Tips for Taking Wine Notes - dummies

By Ed McCarthy, Mary Ewing-Mulligan

Some people have a special ability to remember tastes, especially when it comes to wine. But other people need to take notes in order to remember what wine they tasted, and what they thought of it.

If you have the slightest difficulty remembering wine names, jot down the names of wines you try and like so you can enjoy them — or similar wines — again. It’s a good idea to write comments about the wines, too. Even if you’re one of those lucky few who can remember everything you taste, consider writing tasting notes now and then because the exercise of taking notes helps discipline your tasting methods.

When you take notes on wines, consider writing the letters

  • C (for color and appearance in general)

  • N (for nose)

  • T (for taste, or mouth impressions)

Put one below the other, under the name of each wine on our tasting sheet, leaving space to record our impressions.

Take each wine as it comes: If a wine is very aromatic, you might write lots of things next to N, but if the aroma is understated, you could just write subtle or even not much. When the wine is in your mouth, approach it sequentially, noting its attack and evolution; hold the wine long enough to note its balance and texture, too.

Then (having spat if you choose), you could taste the wine again to determine what else it may be saying. At that point, you could arrive at a summary description of the wine, like a huge wine packed with fruitiness thats ready to drink now, or a lean, austere wine that will taste better with food than alone. Tasting notes are a combination of fragmented observation — high acid, very crisp — and summary description.

At first, your own notes will be brief. Just a few words, like soft, fruity or tannic, austere are fine to remind you later what the wine was like. And as an evaluation of overall quality, there’s absolutely nothing wrong with yummy!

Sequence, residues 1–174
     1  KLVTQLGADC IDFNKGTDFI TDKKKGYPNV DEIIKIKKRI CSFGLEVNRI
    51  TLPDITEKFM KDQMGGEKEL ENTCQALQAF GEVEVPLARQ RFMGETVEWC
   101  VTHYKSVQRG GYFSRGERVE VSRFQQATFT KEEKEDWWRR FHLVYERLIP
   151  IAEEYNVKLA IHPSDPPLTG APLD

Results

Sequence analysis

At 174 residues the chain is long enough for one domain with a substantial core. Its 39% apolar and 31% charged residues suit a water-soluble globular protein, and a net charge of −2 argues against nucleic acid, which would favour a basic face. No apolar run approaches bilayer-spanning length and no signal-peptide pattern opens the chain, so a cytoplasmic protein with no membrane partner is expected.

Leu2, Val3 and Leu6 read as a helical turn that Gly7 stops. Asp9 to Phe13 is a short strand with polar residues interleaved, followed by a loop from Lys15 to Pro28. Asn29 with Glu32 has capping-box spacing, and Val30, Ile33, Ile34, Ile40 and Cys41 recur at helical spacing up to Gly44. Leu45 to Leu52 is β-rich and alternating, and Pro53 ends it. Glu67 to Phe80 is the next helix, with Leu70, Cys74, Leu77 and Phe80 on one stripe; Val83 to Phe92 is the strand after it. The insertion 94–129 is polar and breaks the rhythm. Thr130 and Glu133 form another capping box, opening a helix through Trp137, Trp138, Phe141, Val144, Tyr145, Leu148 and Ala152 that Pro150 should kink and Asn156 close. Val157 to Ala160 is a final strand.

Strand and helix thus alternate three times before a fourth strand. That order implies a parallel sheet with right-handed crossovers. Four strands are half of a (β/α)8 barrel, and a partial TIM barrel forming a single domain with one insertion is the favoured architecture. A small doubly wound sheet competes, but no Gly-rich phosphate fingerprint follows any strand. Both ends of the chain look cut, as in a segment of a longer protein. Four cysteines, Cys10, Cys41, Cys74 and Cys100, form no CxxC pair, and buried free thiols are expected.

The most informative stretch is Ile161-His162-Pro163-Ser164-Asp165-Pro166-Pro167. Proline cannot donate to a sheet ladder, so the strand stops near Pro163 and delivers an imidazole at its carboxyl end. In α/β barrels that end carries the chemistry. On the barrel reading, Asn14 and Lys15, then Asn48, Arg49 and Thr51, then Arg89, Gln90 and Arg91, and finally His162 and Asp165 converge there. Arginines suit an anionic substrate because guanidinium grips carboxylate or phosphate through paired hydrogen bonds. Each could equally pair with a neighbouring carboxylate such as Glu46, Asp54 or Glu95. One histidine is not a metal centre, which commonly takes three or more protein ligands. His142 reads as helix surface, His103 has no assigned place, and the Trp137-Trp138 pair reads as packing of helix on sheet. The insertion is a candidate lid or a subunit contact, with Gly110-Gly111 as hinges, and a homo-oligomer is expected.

Just keep in mind that the taste of a wine is more than just aromas and flavors. Instead of searching for ever more fruit or flower descriptors, move on to consider the dryness or sweetness, the body, or the texture. These characteristics are more important in pairing wine with food than the wine’s actual flavors are.

If a wine inspires you to fanciful description, by all means go with it. The experience of that wine will become memorable through the personal words you use to name it. When you do lapse into metaphor over a wine, though, don’t expect others to necessarily understand what you mean.

Beware of anyone who is moved to poetry over every wine, however. The vast majority of wines are prosaic, and their descriptions should be, too.

In the end, the experience of wine is so personal that the best anyone can do is to try to describe the experience to others. Your descriptions will be meaningful to people who share your approach and your language, especially if they’re tasting the wine along with you. But someone else picking up your notes could find them incomprehensible. Likewise, you’ll find some wine descriptions you read incomprehensible. Such is the nature of the exercise.